Relief Modeling Agents (continued)

Relief Modeling Agents (continued)

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Erosion It is the displacement of weathered material from one area to another, different from its place of formation.

- Transport (by water, in the form of rivers, floods, or even in the oceans, by waves, tides and currents, wind or glaciers);

- Sedimentation, which occurs when the transport agent no longer has the energy to continue loading the material.

Erosion - Natural Bridge, Bryce Canyon - Once the rock is broken because of degradation, the small pieces can be moved by water, ice, wind, or gravity.

Over the long geological time - 4 billion and 600 million years, the age of the earth - natural processes have been going on and leaving marks on rocks and other geological formations.

We have in Brazil some large sedimentary basins, which received eroded sediments from higher areas. This is the case of the Paraná Basin, Parnaíba Basin, Amazon Basin and other smaller basins.

Sedimentary Basins in Brazil

Since sedimentation in these basins took place for a long time, the lower layers were sufficiently buried to become hard rock: the sedimentary rocks.

Man contributes a lot to actions that accelerate the erosion process, such as:

  • Deforestation, unprotecting the soil from rain;
  • Construction of hillside dwellings / slums, in addition to clearing, causing acceleration of erosion due to the slope of the terrain;
  • Inadequate agricultural techniques, when extensive deforestation is promoted to give way to planted areas;
  • Land occupation, preventing large areas of land from fulfilling their role as water absorber, thus increasing the potential of material transport due to surface runoff.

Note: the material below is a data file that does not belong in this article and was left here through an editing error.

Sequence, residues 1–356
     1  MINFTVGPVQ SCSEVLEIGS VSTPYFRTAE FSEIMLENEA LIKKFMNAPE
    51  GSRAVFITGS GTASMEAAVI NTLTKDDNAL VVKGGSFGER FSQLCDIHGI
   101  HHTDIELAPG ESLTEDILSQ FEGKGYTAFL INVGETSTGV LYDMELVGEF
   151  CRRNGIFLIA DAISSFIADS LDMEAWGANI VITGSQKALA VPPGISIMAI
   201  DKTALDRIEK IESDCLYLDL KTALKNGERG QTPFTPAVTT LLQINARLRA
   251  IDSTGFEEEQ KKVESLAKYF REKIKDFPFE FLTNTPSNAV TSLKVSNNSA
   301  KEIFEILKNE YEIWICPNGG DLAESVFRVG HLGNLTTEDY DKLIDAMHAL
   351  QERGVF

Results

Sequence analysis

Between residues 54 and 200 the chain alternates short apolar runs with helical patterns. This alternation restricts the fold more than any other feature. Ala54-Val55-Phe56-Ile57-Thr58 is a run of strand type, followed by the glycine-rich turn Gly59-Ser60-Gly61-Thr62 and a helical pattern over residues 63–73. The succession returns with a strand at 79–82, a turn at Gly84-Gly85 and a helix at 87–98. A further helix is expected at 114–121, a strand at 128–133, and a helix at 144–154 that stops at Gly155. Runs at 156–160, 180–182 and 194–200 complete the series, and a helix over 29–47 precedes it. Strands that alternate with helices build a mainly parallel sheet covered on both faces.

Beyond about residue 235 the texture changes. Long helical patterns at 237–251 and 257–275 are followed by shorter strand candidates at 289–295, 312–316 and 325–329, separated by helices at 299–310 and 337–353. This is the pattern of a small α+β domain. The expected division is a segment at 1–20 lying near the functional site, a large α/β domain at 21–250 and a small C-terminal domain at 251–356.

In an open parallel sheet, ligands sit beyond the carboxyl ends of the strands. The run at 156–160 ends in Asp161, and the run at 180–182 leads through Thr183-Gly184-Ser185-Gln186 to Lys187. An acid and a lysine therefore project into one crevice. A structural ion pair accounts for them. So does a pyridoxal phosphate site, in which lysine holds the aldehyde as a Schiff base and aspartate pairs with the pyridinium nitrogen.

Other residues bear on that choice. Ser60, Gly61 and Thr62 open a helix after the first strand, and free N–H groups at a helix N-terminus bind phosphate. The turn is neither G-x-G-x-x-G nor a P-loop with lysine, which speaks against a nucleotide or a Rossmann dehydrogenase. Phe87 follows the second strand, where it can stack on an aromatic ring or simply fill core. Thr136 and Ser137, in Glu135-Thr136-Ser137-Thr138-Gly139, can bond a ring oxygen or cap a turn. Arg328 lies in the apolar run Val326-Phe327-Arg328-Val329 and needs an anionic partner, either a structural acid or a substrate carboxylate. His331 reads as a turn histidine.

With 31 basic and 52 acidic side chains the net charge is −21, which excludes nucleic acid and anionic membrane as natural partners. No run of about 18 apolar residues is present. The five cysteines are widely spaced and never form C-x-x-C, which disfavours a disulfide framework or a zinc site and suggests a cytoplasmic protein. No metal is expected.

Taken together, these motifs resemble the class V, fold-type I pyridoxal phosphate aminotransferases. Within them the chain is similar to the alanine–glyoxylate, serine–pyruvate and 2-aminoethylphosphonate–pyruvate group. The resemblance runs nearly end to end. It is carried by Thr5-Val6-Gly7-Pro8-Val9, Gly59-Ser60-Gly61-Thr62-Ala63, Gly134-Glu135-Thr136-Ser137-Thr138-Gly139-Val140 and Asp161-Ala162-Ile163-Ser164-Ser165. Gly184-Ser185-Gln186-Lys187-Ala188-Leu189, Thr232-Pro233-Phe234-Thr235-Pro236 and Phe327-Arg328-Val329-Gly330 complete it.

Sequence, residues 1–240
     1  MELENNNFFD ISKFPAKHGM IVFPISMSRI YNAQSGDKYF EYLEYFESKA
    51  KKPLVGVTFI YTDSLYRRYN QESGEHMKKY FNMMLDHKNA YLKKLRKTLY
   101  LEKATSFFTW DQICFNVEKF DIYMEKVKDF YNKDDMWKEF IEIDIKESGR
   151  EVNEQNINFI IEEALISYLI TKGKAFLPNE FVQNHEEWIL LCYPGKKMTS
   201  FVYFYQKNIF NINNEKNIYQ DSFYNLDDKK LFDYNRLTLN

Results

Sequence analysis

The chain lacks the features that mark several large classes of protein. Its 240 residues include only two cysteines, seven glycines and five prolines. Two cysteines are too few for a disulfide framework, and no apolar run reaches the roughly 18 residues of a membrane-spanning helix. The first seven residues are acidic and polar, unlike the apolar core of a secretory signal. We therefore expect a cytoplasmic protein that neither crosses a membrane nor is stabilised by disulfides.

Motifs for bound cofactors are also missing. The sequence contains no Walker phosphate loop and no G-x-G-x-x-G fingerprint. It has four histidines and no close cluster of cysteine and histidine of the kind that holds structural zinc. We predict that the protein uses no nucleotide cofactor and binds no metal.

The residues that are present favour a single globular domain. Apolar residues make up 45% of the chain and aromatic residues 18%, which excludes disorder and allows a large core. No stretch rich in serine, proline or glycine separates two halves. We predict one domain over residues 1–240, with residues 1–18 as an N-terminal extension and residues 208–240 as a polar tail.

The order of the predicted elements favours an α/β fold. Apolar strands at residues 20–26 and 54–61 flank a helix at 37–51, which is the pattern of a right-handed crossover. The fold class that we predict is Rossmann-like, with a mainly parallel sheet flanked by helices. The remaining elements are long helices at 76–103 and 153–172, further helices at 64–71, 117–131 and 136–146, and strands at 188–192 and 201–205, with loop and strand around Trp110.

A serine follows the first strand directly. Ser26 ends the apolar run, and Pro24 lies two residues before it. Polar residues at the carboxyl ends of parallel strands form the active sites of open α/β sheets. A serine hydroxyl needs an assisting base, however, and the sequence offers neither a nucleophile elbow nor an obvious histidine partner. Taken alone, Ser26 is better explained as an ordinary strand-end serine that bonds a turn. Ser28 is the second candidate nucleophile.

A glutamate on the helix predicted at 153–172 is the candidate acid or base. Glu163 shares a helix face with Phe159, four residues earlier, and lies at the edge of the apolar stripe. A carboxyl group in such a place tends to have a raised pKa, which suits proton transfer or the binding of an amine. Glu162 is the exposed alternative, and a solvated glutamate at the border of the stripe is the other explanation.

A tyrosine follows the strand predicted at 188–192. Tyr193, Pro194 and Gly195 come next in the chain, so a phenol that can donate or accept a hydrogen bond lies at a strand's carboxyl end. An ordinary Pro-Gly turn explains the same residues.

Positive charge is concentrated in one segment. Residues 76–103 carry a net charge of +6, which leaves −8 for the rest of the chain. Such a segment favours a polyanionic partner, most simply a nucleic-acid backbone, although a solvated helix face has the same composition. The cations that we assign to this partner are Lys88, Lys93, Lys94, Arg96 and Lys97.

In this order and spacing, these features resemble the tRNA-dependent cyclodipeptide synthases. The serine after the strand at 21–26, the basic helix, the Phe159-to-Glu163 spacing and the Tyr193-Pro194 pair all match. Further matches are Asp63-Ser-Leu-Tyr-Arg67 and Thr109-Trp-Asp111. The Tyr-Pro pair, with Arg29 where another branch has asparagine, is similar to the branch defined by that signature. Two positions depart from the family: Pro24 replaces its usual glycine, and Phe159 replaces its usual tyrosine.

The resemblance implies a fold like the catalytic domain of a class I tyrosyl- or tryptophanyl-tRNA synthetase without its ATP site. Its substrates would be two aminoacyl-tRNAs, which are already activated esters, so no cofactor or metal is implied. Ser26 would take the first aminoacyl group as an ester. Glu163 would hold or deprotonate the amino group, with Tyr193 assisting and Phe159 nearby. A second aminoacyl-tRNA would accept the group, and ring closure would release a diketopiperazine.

Slope constructions

Erosion in rural road

Deforestation and forest destruction

Erosion Types

The types of erosion can be determined based on their forming agents and the processes of soil formation and wear. We can highlight:

Rain erosion: caused by the action of rainwater. In general, any soil wear caused by precipitation can be classified as rainfall erosion, but in areas where the terrain is less protected by vegetation and other elements, the effects of water action can be most intensely felt.

Rain erosion in agricultural area

Wind erosion: caused by the action of winds, which slowly carve rocks and transport soil particles.

Rock formation sculpted by wind action

Marine erosion: happens when rocks or coastal soil are worn out by water from the sea waves. It is a natural process that becomes a problem when housing or roads are erected in areas occasionally occupied by waves.

Marine erosion

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Erosion glacial: is the type of erosion driven by the action of ice, both snow and glaciers. Most often, it occurs because temperature variations freeze and thaw water, which expands and compresses, affecting rocks and soils. Other forms of ice movement, such as avalanches, also act in this process.

Glacial erosion

River erosion: It is the erosion caused by the riverbed, both when they exceed and advance on the banks, as when the riparian vegetation is removed and unprotects the relief around the watercourses.

Erosion caused by removal of riparian forest on the banks of a river

Geological erosion: is also known as natural erosion or that has not suffered from human interference. It acts by modeling the landscapes, with a combination of several other types of erosive actions.

Geological erosion - modeling a valley or canyon by water and wind

The human being can generate what is commonly called anthropic action. In addition, the other living beings also collaborate in some way to shape the terrestrial relief. Plants, for example, play a major role in soil protection: they provide organic matter and prevent their destruction.